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Portland beats out Austin in hipster comparison In the battle for hipster supremacy, Portland has scored the latest point over Austin.
Real estate blog movoto.com recently compared the cities’ hipster amenities head to head, and found that the Oregon city is more hipster friendly than the Texas capital.
The blog considered a variety of criteria, including number of hipster-age people (20-34), the cities’ walkability, bikeability, number of coffee shops, vegan restaurants, Whole Foods, farmers markets and vinyl record stores.
“To rank our two cities, we first determined how each one placed in our individual criteria, then averaged all the categories together to produce an overall score. We should note that we only looked at data on the cities themselves, not the surrounding metro areas, and our retail data (from Yelp) has been used to generate per capita results against the cities’ number of hipster-aged residents, not total residents,” the blog said.
Austin, with a population of about 820,000 in 2011, edged Portland in hipster-age people: 32 percent compared with 27 percent for Portland (population 593,000), the blog said.
Austin also won out on number of people working in artsy jobs. But that’s all.
Portland beat out Austin in per-capita number of dive bars, coffee shops, vintage clothing stores, record shops, walkability and bikeability.
Perhaps surprisingly, Portland beat Austin in number of Whole Foods per capita, despite Austin being home of the natural-food supermarket chain.
“Portland has one (Whole Foods) for every 39,786 residents while Austin has one for every 86,985. For (farmers markets), Austin has one for every 3,782 folks there while Portland has one for every 2,947 people,” according to the blog.
So there you go Austin. This is either a win or a loss. I’m not really sure.
Statesman team rappels 32 stories for charity
Don’t look down!
In the photo above, John Bridges, managing editor at the Austin American-Statesman, readies for his first step off the tallest building at One American Center, 600 Congress Ave., on Saturday.
As part of the Over the Edge fundraiser for Make-A-Wish Central and South Texas, and multimedia advertising consultant Emma Rice-Tanner joined Bridges in the plunge.
The Statesman team was one of the top fundraisers, according to the event website. With the help of Statesman employees, other donors and a matched donation of $2,500 from Ellwood, the team raised more than $6,500.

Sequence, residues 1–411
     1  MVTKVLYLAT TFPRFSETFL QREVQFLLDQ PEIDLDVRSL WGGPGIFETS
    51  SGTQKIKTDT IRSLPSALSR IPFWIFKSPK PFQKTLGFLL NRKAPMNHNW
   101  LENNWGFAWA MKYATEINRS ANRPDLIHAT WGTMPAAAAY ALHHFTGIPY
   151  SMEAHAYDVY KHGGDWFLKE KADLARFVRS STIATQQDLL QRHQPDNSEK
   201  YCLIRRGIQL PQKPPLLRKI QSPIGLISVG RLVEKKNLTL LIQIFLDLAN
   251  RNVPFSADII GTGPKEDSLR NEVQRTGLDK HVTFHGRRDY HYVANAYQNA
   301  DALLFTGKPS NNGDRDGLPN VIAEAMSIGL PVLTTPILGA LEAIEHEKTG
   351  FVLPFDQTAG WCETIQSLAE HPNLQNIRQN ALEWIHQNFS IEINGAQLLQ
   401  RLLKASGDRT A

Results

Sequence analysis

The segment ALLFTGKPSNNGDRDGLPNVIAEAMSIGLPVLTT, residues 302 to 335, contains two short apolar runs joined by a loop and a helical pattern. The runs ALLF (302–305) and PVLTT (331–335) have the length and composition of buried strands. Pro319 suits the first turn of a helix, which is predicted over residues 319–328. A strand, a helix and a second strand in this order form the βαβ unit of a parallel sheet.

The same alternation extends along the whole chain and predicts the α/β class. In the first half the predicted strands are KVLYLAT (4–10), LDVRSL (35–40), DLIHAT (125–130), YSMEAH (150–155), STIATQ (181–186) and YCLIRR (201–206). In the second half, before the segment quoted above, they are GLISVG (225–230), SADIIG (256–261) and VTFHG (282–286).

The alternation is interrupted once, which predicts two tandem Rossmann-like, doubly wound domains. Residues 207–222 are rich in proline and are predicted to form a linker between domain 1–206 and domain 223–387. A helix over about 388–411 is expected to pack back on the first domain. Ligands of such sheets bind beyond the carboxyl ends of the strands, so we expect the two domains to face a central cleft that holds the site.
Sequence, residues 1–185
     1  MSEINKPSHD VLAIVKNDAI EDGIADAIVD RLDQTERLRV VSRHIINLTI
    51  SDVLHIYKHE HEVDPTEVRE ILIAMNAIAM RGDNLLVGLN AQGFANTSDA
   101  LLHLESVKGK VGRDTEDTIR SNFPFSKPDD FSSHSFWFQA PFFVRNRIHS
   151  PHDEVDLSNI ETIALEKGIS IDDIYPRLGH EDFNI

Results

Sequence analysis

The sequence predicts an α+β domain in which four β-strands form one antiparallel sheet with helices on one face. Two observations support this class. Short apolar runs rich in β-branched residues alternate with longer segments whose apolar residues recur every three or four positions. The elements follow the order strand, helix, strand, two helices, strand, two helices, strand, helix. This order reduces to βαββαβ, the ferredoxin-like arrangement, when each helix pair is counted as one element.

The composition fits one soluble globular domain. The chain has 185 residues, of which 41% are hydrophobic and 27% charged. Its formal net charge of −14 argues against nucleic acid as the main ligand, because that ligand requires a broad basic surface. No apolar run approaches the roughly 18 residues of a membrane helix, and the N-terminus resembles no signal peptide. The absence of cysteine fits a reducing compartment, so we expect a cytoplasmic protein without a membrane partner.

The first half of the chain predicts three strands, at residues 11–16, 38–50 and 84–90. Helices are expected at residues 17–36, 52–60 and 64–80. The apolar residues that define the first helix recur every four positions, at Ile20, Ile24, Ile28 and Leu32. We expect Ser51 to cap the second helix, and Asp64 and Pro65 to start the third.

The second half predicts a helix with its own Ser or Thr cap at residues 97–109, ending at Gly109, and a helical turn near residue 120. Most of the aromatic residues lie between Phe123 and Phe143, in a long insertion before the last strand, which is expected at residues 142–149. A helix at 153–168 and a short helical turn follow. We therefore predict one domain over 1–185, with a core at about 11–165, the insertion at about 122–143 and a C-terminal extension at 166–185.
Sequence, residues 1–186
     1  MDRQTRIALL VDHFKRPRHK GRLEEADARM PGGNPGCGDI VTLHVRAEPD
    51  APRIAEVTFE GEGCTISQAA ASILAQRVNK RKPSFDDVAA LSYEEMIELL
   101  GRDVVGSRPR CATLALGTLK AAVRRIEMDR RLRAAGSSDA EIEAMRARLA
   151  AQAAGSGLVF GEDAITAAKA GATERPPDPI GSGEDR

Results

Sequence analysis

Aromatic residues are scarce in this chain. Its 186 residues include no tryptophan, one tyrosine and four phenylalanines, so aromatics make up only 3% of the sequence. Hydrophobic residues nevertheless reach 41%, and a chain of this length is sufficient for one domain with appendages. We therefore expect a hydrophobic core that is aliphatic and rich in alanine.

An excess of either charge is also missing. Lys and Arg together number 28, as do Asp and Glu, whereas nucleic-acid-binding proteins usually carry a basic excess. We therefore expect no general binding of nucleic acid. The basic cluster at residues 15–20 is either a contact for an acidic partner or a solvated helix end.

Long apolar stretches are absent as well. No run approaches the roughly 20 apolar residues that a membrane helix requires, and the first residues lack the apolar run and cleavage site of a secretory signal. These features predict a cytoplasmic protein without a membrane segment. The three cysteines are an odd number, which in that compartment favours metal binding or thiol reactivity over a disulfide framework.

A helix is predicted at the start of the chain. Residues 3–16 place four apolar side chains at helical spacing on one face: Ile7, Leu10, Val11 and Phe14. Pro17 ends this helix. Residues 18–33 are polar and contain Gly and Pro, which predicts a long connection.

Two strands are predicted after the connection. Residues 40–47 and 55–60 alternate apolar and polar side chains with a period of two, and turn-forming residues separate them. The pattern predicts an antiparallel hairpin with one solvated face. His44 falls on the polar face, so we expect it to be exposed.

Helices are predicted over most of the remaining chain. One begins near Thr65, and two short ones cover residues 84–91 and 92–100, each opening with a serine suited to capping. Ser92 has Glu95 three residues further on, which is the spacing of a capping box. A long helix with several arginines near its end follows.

Ellwood said the goal of team Statesman was to reach $5,000 — the average cost of granting one wish for a child with a life-threatening medical condition.
“It’s so great that we beat that goal,” she said.
On Saturday, friends and family members could watch the start of their loved ones’ trip down the 372-foot building by video in the lobby of One American Center.
In the photo to the right, Rice-Tanner prepares to zip down the front of the building. She told viewers that rappelling down a 32-story building is a bucket list experience for her.
Afterward, Rice-Tanner said the highlight was the birds-eye view of the State Capitol.
Lauren Bremer, with Make-A-Wish Central and South Texas said more than $300,000 was donated to the organization during the Over the Edge fundraiser.
More 200 people were scheduled to rappel down the building this weekend, she said.
Rappellers had to raise a minimum of $1,500, but there were several fundraising teams and individuals who collected more than $10,000, Bremer said.
If you look up, people will be rappelling off the One American Center building until 5:30 p.m. Saturday and from 10:30 a.m. to about 3 p.m. Sunday.
In the video below, Bridges gives a shout-out to the Statesman and gets cheers from viewers before he climbs over the edge.
Is the sinkhole fixed yet?
South Carolina considering switch to electronic license plates; what about Texas? WSPA-TV
Do you have any problem with the metal license plate on your car?
Of course you don’t. Why would you?
But that hasn’t stopped a South Carolina company from trying to improve on the design. And the Palmetto State appears to be interested in putting them on its cars.
South Carolina is considering a proposal to switch to electronic tags, which officials say could improve highway safety, according to WSPA in Columbia, S.C.
The tags are made from electronic paper, which uses no power to hold an image for more than 10 years, David Findlay, the co-founder of South Carolina company Compliance Innovations, told the news station.
“The only time it needs power is when you’re changing the status or the image on the plate,” Findlay said. That power comes from road vibrations and a transparent film over the tag that collects solar power, he said.
So now you might be thinking, “OK, that might be cool, but what’s the point?”
Safety, said company co-founder Brian Bannister.